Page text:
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Latin America Exhausts IPv4 Addresses 197

Posted by Unknown Lamer
from the bofh-excuse-#666-internet-ran-out-of-addresses dept.
An anonymous reader writes "LACNIC, the regional Internet registry for Latin America and the Caribbean, considers its IPv4 address pool exhausted, because it is down to less than a quarter of an /8, roughly 4 million IPv4 addresses which are reserved for facilitating transitioning mechanisms. Half of those addresses will be assigned on a first come, first served basis, but no more than 1024 addresses per organization every 6 six months. Allocations from the last 2 million addresses will be a maximum of 1024 addresses total per organization. To maintain connectivity, it is now indispensable to make the switch to IPv6. LACNIC's CEO expressed his concern that many operators and companies still haven't taken the steps needed to duly address this circumstance. The RIRs for Asia-Pacific, Europe and North America have all imposed similar limitations on IPv4 assignments when they also crossed their local exhaustion thresholds. As of now, only AfriNIC is not in address exhaustion mode." Joining North America, and Europe/the Middle East/Central Asia.
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Latin America Exhausts IPv4 Addresses

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  • by SuricouRaven (1897204) on Wednesday June 11, 2014 @11:03AM (#47212439)

    We warned you years ago this would happen! But no-one ever listens.

  • by Chrisq (894406) on Wednesday June 11, 2014 @11:07AM (#47212485)

    We warned you years ago this would happen! But no-one ever listens.

    mañana

  • by wisnoskij (1206448) on Wednesday June 11, 2014 @11:10AM (#47212511) Homepage

    Ya, you have been warning people that it was going to happen in 2 month for the last 6 years. And this article is still about "almost completely out".

    Your predictions for the v4 "apocalypse" are nothing to brag about.

  • by slack_justyb (862874) on Wednesday June 11, 2014 @11:16AM (#47212563)

    If the bulk of human history isn't a lesson. Pretty much no one does anything until all hell is breaking loose. I don't know if it is in our genetics or what.

    At any rate. A lot of "technical" folk will say, let's use NAT! And that will work for maybe a few years, maybe a decade or so, but then eventually that will break down. Finally, people will just shrug their shoulders and say, "Well, I guess it's finally time we switched over to IPv6." IPv6 is indeed the solution, but we've first got to do every other solution just because for some reason that's who we are.

    So IPv4 isn't going away any time soon but for all the wrong reasons. So they will continue to not listen to any specialists till ALL other options are completely exhausted. Then after all of that we'll finally get to move on to the next big thing that was purposed twenty years ago.

  • Re:Y2K (Score:5, Insightful)

    by jareth-0205 (525594) on Wednesday June 11, 2014 @11:20AM (#47212595) Homepage

    This sounds like Y2K all over again...

    What, that legitimate problem lots of people worked on successfully to avoid before it could have major consequences? Yeah, I agree.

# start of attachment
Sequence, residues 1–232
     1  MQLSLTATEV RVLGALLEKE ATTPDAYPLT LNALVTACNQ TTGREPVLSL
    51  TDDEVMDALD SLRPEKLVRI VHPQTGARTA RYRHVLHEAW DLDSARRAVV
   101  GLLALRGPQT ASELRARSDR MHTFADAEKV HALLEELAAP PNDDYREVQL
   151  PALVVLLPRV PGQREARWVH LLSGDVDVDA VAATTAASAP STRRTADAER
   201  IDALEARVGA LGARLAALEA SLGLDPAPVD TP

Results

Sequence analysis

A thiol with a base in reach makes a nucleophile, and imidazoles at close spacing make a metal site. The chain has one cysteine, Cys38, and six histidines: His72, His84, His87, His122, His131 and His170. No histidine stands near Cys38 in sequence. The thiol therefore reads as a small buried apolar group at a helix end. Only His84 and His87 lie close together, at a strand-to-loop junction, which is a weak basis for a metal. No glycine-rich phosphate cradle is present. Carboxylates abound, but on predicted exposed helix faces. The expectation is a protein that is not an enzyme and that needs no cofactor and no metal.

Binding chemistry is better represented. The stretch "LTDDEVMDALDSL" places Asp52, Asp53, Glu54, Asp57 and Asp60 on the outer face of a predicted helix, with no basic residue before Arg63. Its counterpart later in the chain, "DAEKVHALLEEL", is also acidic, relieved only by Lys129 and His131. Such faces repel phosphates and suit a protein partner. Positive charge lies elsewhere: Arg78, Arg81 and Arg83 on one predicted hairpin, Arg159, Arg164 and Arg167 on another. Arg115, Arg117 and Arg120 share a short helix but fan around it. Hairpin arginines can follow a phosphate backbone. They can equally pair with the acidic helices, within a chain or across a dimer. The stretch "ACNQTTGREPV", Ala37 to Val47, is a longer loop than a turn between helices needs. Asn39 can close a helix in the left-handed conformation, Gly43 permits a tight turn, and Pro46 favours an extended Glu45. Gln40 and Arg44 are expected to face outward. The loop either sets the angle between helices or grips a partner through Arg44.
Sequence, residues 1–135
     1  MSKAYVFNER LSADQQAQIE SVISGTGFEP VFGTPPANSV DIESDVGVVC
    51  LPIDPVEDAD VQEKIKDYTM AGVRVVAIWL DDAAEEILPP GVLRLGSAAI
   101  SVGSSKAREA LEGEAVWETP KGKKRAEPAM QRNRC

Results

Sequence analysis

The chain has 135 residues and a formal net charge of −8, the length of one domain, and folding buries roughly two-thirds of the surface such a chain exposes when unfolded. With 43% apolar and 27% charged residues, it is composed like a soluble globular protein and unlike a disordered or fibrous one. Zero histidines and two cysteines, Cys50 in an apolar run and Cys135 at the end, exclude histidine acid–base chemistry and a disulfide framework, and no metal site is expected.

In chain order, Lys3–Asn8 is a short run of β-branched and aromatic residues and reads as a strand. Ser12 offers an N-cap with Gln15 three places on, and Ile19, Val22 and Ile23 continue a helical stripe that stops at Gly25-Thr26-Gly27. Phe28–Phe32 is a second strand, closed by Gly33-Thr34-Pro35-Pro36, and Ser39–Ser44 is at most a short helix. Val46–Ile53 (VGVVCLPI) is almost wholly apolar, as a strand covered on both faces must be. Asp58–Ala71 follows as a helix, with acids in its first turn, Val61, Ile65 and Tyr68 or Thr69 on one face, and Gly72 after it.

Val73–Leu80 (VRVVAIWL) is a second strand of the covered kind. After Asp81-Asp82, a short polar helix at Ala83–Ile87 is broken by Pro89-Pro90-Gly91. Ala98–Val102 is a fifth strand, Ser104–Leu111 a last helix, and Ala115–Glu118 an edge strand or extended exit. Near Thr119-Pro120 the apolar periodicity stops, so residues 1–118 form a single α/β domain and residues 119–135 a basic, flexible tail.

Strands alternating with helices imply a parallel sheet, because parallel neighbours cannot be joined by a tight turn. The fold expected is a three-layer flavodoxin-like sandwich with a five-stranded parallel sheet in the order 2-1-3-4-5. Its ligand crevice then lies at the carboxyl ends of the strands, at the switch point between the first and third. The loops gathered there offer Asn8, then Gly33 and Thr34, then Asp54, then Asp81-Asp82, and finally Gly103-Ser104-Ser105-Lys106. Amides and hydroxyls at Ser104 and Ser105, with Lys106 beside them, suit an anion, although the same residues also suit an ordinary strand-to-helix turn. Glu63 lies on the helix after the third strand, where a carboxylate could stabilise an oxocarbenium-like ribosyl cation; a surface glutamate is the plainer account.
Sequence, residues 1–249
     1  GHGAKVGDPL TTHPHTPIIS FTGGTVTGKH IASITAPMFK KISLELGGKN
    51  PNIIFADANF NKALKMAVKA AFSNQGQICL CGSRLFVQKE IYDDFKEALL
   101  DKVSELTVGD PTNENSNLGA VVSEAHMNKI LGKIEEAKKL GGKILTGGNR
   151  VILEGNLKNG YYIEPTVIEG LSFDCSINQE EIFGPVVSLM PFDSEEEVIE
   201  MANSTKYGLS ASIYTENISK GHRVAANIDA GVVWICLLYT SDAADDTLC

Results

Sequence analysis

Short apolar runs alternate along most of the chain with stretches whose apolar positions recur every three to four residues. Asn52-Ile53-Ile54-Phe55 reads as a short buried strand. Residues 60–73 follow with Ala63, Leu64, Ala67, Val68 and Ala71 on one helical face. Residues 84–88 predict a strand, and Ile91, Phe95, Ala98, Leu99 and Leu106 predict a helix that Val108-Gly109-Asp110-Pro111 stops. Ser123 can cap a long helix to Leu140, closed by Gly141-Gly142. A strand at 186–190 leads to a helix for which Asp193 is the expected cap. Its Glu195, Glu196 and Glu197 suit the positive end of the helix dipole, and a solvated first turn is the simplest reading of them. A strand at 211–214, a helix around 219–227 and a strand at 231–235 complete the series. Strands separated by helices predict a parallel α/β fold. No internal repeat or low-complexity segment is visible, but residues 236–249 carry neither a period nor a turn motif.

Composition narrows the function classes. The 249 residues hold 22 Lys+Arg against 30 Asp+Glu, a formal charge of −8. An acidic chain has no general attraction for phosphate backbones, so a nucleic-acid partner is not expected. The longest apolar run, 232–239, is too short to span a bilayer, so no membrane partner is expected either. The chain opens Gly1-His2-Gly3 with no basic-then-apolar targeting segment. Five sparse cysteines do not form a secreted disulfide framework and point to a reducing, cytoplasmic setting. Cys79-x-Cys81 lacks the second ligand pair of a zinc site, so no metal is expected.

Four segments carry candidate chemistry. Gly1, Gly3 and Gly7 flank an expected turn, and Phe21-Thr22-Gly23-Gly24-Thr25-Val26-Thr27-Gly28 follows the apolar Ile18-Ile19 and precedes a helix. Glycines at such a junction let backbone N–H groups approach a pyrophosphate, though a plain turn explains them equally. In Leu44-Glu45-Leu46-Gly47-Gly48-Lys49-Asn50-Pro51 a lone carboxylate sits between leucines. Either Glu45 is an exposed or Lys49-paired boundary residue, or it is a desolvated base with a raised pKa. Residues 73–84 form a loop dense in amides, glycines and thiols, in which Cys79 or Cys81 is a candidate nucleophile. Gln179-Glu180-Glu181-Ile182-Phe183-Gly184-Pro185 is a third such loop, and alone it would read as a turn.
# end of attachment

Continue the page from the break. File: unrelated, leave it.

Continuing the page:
• by Megane (129182) on Wednesday June 11, 2014 @11:42AM (#47212809) Homepage

    People with only an IPv6 address should theoretically be able to access the IPv4 internet via a sort of v6-to-v4 NAT. It's the people who want to run servers accessed by the rest of the world who really need a real IPv4 address until that distant future when IPv6 finally becomes dominant. (Which won't be for a long while because of all the old computers out there that have either no or insufficient IPv6 support.)

    I think one of the big factors of address consumption has been cell phones. They do not need to be publicly accessible from random IPv4 address, so they are prime candidates for this kind of migration.

  • Re:Y2K (Score:5, Insightful)

    by Opportunist (166417) on Wednesday June 11, 2014 @12:19PM (#47213185)

    So you really never had to deal with a computer program that calculated difference in years by going "take number of years in 'new date' and subtract number of years in 'old date'"?

    Just to give you a hint, and NDAs be damned in this case, you have NO IDEA how many bookkeeping programs had a LOT of problems calculating annual write offs right. You just never noticed it because the programs are not real time dependent and you have a LOT of time to work with between noticing the problem (when you do your first version of your balance) and the time it becomes critical (when you have to hand in your balance to government/auditor/board).

    There were other, not so "fortunate" situations where a lot of money had to be used to get it done in time. And the ever feared "what if the nukes notice they had no contact with control for a century?" doomsday was only the tip of the iceberg. You really can't even imagine half the big and small tidbits that ran on systems that had exactly the problem.

    And yes, January 2038 certainly is going to be an interesting time again. It is rather unlikely, though, that it will be as big a problem since Jan 2038 is mostly an OS problem rather than an application program problem. I.e. we should see fewer and (mostly) easier to fix problems.

  • by Anonymous Coward on Wednesday June 11, 2014 @02:19PM (#47214849)

    Why has people not generally adopted V6 years ago ?

    It's simple ... IPV6 is not simple.

    It is a complicated piece of work, trying to please everybody. Crypto,Traceability, cryptic syntax ect. ect.

    Somebody should design ipv8, an 8 byte adress ipv4 version with none of the ipv6 crap - release it and watch it getting adopted in less than a year ....

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